Why people with diabetes more likely to get severe COVID-19

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Scientists from China found that low concentrations of a certain metabolite in people with diabetes may explain why they are more susceptible to COVID symptoms.

The research is published in the journal Nature Metabolism and was conducted by ….. et al.

Not long after the global pandemic began, doctors began noticing that some people were more susceptible to more extreme symptoms when infected, and one of those groups included people who had diabetes.

In this study, the researchers have found what they believe is a likely reason for that.

In the study, the team searched for and compared metabolites in people with and without diabetes. Then they tested cell samples against a SARS-CoV-2 infection.

In so doing, they noted which if any reduced the ability of the virus to infect other cells because they were binding with the metabolite instead.

That narrowed the list of metabolites down to seven and further testing reduced it to just one: 1,5-AG.

The researchers found that, when produced in the body, it is filtered into the kidneys and reabsorbed into the blood.

But in people with diabetes, the reabsorption does not work as well and it winds up in their urine, which means they have less of it in their blood.

The researchers also found higher loads of viral infection in cases where 1,5-AG levels were lower.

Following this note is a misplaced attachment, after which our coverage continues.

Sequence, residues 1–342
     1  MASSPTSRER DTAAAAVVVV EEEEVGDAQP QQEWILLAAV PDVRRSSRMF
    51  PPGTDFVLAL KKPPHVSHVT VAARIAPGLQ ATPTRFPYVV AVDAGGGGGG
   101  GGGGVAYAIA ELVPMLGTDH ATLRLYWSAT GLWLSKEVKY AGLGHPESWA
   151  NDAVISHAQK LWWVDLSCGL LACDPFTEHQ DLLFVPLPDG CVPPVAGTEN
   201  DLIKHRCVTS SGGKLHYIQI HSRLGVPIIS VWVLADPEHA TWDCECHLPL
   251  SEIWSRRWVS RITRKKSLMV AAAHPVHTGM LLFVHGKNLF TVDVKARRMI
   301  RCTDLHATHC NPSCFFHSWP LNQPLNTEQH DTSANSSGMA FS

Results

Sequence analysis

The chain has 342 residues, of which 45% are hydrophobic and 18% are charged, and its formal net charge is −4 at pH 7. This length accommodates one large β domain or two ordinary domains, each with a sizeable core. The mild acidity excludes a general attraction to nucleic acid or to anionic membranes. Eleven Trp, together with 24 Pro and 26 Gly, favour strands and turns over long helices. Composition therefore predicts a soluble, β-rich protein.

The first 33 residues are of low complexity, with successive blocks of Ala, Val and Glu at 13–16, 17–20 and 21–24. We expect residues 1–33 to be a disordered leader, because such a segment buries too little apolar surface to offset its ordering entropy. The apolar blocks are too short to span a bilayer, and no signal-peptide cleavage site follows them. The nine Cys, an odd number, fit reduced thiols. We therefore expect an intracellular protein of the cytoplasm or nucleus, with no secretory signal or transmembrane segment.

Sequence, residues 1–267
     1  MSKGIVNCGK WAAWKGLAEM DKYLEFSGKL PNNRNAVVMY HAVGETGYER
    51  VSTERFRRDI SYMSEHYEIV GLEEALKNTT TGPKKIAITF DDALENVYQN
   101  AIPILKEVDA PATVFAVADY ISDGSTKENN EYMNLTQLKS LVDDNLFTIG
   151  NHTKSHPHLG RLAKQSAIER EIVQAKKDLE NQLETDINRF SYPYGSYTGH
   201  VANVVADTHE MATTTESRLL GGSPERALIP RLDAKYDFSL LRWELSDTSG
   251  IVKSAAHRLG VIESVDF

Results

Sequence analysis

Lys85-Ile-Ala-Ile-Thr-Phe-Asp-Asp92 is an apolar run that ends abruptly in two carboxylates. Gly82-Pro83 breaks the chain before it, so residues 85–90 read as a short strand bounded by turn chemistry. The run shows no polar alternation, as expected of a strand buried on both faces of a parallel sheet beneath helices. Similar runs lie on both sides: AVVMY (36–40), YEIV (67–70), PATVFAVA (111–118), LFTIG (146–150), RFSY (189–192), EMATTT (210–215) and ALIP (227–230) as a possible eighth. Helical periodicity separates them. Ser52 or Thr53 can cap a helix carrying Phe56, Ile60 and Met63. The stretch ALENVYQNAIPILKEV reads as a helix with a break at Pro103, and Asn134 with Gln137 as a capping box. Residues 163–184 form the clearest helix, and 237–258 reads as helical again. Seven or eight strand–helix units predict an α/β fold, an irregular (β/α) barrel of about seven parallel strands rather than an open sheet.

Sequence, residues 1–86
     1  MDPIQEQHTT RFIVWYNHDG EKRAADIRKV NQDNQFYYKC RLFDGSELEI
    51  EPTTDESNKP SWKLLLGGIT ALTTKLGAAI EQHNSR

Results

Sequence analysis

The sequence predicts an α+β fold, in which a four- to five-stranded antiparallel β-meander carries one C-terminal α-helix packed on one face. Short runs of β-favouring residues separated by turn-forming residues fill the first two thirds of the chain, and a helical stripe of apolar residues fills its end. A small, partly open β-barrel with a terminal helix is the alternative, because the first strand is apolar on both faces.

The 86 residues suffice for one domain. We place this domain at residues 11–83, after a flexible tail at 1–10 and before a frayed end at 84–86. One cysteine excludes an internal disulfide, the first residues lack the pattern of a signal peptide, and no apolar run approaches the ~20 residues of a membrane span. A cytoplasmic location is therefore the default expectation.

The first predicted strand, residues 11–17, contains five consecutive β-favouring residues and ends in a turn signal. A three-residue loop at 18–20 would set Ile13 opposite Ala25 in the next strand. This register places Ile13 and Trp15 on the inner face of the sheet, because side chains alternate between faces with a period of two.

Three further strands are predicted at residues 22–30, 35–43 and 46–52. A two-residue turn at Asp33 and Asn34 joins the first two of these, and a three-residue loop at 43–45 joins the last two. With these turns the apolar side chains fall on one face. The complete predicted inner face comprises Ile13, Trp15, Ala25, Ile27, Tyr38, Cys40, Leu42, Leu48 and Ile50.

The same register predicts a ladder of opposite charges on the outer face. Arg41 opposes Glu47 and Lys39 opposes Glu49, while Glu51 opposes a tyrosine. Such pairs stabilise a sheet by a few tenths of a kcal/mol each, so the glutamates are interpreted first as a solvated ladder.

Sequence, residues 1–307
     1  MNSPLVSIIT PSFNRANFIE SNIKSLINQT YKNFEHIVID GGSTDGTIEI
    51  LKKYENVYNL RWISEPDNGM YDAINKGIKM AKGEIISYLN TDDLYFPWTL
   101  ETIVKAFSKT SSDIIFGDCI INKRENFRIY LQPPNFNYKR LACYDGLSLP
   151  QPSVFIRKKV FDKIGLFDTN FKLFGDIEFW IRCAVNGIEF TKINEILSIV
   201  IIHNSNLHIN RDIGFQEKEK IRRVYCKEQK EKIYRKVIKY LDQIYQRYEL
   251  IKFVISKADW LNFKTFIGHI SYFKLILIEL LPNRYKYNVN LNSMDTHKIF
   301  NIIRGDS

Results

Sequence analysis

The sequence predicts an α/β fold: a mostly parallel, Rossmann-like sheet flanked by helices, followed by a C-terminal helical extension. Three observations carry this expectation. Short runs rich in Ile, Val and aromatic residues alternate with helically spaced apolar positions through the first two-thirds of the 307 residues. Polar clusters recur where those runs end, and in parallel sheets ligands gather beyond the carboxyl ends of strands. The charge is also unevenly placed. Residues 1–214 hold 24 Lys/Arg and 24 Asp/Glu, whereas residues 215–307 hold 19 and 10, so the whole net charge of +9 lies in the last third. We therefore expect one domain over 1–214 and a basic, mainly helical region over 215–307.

They also found that artificially adding sera containing 1,5-AG to cell mixes resulted in lowered viral load levels.

The researchers also tried giving diabetic mouse models serum with 1,5-AG mixed in and found that doing so resulted in lowered viral loads after infection.

The team suggests their work indicates that lower levels of 1,5-AG in diabetic patients are the reason they are more susceptible to symptoms of COVID-19.

They say that more work will need to be done to determine if giving such patients serum with 1,5-AG can reduce their symptoms.

If you care about diabetes, please read studies about how to cure type 2 diabetes successfully, and this hormone may be critical driver of diabetes.

For more information about COVID, please see recent studies about people who are more likely to get severe COVID-19 after vaccination, and results showing this existing drug can prevent COVID death.

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